Another concept we’ve been flirting with is reverse engineering Utilitarianism. Given the number of punches that life that will throw your way, by simply avoiding the pitfalls you’ll reverse engineer utilitarianism.
#1 Avoid Getting Burned Twice: This can be in the form of being burned from a business, consumer purchases or even health. Being foolish once (touching the hot stove) is acceptable, continuously touching it is not. As an example, the vast majority of our readers are aware of affiliate marketing (cloaking) and the sketchy underworld of online sales. Maybe you were fooled once by a purchase that wasn’t even pre-loaded with aggressive copy, we’ll say that’s okay…. Once.
Next time, take a step back and ask “What is the person selling and can I check the claims”. If someone is selling testosterone boosters but readily takes anabolic steroids and injects exogenous testosterone… Why in the world do they have to use the steroids and TRT therapy if the product is so good? Another example would be diet pills where a proclaimed doctor is 50 pounds overweight but shells out “weight loss pills”… if they worked why is the seller overweight? So on and so forth. To avoid getting burned twice learn the lesson of what to look for next time instead of getting upset about it. Most will just get angry and upset which achieves nothing. Find the systematic approach to solve the issue instead.
#2 Make Statistically Intelligent Decisions: We know. The live it up today crowd is going to say you might get hit by a bus tomorrow so you better burn through everything you got! This is simply crazy talk as most people are not going to be hit by a bus and you can reverse engineer your life expectancy as well. Instead of commuting by car (extremely dangerous proposition), try to structure your life around walking and airlines instead. By making broad intelligent decisions you’ll likely live until the average age (somewhere around 80) and you can go ahead and take risks (without risk life is boring) since you’ve structured your life around statistically bad decisions that don’t add value to your life.
#3 Jump a Decade: We’ve used this trick maybe 100 times. Every 3-5 years sit down and ask “what can I do in this decade that I won’t be able to do later”. This question will bring up both small and large items such as attending a rap concert or deciding to have a family. If you find that you’ve never had a specific life experience that is eroding away (tougher to do in the future) go ahead and pencil it in for this year. You’ll reduce the amount of regrets you’ll have on your death bed some 400 fold! In addition, you can also do this on a 5 year basis as well (shorter mental jumps).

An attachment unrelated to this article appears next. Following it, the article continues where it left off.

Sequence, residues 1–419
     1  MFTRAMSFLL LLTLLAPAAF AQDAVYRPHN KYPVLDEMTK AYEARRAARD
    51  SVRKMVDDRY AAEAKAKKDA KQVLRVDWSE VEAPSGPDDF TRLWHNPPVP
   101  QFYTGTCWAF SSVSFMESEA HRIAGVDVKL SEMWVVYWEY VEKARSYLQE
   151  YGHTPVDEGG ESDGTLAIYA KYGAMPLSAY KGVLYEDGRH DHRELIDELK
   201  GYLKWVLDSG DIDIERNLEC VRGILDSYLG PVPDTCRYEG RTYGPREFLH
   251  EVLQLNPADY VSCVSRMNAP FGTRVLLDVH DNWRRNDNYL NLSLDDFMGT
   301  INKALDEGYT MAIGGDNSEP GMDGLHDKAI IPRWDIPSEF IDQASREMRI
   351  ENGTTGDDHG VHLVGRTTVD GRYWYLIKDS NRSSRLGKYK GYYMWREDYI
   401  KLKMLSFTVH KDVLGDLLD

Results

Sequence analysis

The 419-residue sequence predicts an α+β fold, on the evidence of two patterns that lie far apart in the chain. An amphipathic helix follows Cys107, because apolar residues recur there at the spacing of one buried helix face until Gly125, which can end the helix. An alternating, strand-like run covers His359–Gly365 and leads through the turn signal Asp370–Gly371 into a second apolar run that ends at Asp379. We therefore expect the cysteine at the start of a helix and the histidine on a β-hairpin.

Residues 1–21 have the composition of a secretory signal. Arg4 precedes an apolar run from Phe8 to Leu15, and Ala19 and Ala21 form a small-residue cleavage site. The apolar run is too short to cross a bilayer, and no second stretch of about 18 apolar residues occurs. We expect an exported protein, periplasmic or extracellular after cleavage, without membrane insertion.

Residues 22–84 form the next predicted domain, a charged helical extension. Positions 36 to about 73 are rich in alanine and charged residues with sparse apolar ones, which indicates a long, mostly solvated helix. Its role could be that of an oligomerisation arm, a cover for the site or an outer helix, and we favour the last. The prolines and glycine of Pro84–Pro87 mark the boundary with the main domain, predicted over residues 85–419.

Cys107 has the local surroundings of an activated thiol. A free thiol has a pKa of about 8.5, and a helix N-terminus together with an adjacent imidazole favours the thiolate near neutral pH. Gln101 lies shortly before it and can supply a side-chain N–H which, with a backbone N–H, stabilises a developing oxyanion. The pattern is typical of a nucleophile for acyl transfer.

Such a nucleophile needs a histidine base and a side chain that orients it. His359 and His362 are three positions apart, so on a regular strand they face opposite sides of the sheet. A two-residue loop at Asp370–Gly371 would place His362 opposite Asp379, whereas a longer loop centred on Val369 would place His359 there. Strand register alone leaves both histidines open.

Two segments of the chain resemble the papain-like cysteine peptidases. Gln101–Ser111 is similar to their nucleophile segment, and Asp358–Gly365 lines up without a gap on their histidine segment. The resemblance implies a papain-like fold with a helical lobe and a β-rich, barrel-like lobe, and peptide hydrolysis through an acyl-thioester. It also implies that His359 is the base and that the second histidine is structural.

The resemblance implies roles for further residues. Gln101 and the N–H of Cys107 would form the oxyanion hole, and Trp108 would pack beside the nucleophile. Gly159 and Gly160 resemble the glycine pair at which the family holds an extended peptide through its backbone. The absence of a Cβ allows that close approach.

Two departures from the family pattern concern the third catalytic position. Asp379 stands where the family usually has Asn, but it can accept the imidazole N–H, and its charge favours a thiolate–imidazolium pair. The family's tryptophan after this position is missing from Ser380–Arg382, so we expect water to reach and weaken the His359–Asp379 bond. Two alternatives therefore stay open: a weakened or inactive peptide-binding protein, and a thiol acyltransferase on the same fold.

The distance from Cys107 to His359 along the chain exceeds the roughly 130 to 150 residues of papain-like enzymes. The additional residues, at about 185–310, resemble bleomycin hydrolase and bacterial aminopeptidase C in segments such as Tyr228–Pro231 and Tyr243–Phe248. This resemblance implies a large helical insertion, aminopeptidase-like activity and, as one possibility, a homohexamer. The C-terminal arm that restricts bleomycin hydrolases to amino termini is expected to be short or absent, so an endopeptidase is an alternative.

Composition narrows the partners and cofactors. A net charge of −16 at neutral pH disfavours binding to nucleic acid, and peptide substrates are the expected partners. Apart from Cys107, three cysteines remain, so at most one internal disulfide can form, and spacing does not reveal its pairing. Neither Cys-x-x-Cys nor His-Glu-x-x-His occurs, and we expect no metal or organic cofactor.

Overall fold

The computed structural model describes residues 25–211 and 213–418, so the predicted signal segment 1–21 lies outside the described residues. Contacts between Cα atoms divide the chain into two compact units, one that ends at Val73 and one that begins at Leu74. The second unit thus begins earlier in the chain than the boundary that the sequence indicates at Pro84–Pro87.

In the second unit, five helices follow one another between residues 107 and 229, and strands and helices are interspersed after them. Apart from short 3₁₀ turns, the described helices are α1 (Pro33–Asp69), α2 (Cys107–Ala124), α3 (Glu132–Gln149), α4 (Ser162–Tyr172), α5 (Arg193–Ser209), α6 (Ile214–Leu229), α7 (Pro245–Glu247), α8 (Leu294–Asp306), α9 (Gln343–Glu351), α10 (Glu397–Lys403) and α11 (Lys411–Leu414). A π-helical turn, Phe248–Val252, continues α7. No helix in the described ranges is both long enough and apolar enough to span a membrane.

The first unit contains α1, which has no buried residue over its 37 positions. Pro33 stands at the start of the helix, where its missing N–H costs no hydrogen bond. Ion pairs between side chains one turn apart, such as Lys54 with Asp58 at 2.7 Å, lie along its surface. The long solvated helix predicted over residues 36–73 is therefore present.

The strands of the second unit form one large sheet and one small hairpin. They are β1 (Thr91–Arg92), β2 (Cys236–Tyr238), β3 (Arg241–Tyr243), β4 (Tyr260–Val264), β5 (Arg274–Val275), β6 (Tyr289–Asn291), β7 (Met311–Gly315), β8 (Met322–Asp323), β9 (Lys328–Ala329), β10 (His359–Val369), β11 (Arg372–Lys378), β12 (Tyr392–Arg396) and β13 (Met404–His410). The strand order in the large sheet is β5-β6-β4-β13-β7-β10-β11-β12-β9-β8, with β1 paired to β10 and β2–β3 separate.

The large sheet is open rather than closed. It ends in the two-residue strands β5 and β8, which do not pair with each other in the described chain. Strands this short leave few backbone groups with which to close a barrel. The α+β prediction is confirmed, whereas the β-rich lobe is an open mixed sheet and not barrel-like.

#4 Look Back Three Years: Every three years take a look back and decide if you missed anything. If you do this in your 20s you’ll get a resounding no. This becomes significantly more complex as you get older since you put a large amount of time into increasing your net worth. A broad stroke look at the past three years prevents an “event gap”. If we only do this once eery 5-10 years it will be very easy to look back and say “I wish i didn’t take life so seriously” a common complaint amongst individuals on their deathbeds.
#5 Reverse Engineer Your Happiness: The last thing we’ve added to the list is reverse engineering happiness. We’ve explained many times that it is 100% normal to be unhappy in your 20s. Most successful people are filled with intensity at age 20 as they have a lot to prove (see the chart – Pillar 5) which does not lead to consistent happiness. Happiness is earned (a mental choice) and tracking your overall happiness with life (if it’s improving or not) is critical to reverse engineering long-term utility. If you’ve gone from being easily angered to only “sometimes” angered, call that a win over the course of a couple of years. Make sure this is going up every single year.
Reverse Engineer Utilitarianism
This has been a much more “philosophical” post than we have done in the past. Importantly, there is no way that this framework will align for everyone. For example it certainly is possible to have kids in your 40s and it is possible to hit financial independence in a single year! Anything is possible. We have simply outlined a broad stroke idea for key turning points. The key turning points in our view include: 1) energy declines starting sometime between 30-40, 2) consistent decrease in time making each day more “valuable” from an energy perspective, 3) freedom as a necessity to increase utility as we believe people would be happier with autonomy over an extra $20-30K in income, 4) a decision point is eventually crossed when it comes to having a family and one cannot turn back on this due to point number 2 and 5) comparing yourself to only your previous self is a skill that is acquired over time. Finally, if you’re interested in maximizing your utility we have no doubt that Efficiency will help you do so.